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Yasuyuki Maekawa
Shoichiro Fukao
Toru Sato
Susumu Kato
, and
Ronald F. Woodman


High-resolution upper tropospheric and lower stratospheric (5–30 km) wind data were obtained during three periods from 1979 to 1981 with the aid of the high-power UHF radar at Arecibo, Puerto Rico (18.4°N, 66.8°W). A quasi-periodic wind oscillation with an apparent period of 20–50 h was observed between 16 and 20 km in every experiment. The amplitude of both zonal and meridional wind components was ∼2 m s−1, and the vertical wavelength ∼2 km. The direction of the wind associated with this oscillation rotated clockwise with time, as seen for inertia–gravity waves in the Northern Hemisphere.

The wave disappeared near 20 km where the mean zonal flow had easterly shear with height. This phenomenon is discussed in terms of wave absorption at a critical level. It is suggested that the, wave had a westward horizontal phase speed of 10–20 m s−1. The intrinsic period and the horizontal wavelength at the wave-generated height are inferred to be 20–30 h and ∼2000 km, respectively, from the relationship based on f-plane theory that the Doppler-shifted wave frequency approaches the Coriolis frequency at the critical level. The vertical group velocity estimated from the dispersion equation on the f-plane closely agrees with the ascending rate of the observed wave packets at each height.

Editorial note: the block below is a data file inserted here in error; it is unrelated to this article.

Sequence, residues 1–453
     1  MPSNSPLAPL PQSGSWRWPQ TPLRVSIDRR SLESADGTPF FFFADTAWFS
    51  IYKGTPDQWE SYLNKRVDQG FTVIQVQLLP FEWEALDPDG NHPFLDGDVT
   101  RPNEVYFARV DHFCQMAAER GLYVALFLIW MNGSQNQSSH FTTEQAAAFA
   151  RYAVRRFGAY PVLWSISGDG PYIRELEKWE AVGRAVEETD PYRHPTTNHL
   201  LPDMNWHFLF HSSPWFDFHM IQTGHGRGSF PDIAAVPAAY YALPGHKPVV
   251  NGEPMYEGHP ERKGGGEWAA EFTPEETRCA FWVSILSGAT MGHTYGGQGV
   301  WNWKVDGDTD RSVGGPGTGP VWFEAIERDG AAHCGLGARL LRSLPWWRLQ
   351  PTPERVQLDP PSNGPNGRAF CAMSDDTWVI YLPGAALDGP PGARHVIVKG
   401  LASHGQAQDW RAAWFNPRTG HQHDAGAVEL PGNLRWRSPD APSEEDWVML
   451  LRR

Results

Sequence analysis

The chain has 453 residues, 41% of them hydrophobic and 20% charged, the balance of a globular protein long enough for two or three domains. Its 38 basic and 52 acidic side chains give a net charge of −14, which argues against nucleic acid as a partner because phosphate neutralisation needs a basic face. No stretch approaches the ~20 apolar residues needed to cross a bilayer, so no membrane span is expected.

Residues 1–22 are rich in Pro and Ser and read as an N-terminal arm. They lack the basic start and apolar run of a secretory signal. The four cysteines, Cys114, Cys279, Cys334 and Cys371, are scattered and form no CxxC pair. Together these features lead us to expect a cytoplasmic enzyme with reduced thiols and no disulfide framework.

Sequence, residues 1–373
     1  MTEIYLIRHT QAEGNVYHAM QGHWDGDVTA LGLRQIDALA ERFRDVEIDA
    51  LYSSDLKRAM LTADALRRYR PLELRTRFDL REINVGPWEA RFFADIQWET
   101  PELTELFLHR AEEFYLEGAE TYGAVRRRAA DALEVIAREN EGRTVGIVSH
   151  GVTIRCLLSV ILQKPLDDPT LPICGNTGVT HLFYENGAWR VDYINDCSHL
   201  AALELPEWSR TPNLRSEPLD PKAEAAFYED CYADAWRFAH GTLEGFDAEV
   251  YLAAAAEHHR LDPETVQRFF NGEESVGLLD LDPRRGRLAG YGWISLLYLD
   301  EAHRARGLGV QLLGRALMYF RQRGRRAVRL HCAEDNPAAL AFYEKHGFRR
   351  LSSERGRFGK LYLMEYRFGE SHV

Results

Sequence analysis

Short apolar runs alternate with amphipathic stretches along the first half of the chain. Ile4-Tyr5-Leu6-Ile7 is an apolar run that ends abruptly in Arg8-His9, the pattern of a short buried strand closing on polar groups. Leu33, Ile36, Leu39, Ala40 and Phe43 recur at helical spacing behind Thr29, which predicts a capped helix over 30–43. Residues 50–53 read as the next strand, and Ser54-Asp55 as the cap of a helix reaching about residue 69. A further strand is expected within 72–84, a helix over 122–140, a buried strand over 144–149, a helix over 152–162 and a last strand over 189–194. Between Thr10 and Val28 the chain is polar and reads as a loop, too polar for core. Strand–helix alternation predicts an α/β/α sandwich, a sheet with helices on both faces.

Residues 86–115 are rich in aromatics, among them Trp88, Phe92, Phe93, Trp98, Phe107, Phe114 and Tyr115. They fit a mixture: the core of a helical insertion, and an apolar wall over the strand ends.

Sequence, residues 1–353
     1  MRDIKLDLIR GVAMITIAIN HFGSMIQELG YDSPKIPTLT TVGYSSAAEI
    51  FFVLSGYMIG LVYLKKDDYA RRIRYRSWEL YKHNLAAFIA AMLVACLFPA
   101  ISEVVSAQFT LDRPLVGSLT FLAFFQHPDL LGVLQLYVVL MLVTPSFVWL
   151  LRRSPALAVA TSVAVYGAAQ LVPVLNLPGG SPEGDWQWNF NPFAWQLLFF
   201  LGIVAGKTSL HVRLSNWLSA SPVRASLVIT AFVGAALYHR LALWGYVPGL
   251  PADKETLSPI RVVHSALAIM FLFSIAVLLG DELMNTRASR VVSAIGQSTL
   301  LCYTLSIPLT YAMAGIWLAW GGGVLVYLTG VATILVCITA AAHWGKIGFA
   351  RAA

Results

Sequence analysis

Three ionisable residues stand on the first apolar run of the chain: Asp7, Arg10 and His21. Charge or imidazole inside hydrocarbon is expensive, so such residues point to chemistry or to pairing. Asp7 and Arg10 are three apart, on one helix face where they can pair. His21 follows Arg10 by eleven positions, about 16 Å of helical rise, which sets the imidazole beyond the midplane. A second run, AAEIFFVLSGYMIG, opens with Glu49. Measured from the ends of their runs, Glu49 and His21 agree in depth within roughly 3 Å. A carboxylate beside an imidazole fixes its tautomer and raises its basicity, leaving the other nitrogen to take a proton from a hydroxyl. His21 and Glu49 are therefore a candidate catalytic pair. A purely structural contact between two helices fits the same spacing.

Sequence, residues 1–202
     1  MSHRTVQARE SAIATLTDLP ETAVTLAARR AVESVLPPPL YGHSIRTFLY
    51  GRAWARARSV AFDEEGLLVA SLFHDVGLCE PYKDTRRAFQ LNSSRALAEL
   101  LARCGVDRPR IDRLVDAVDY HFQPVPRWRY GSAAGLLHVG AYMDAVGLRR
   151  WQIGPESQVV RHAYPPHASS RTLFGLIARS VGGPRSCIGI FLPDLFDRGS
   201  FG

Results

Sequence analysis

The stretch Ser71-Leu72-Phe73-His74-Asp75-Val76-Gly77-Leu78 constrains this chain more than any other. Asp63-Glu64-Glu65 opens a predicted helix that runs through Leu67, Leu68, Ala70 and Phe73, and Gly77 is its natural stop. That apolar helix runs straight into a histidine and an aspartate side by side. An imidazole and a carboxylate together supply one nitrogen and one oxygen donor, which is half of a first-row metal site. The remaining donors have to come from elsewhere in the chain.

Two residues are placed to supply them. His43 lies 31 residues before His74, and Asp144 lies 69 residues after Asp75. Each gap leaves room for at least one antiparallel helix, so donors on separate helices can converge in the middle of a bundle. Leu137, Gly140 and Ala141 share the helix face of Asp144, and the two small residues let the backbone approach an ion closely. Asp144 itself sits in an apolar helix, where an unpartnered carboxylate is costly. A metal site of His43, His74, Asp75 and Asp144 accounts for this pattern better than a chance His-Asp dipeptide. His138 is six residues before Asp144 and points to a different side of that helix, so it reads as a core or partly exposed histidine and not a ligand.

In addition, each observation showed the presence of another type of oscillation with somewhat longer vertical wavelength in the lower stratosphere. If we assume the same intrinsic period and horizontal scale for this oscillation as for the abovementioned smaller vertical-scale wave at the tropopause level, the observed period and vertical structure are well described in terms of an internal inertia–gravity wave propagating to the opposite side in the horizontal plane.

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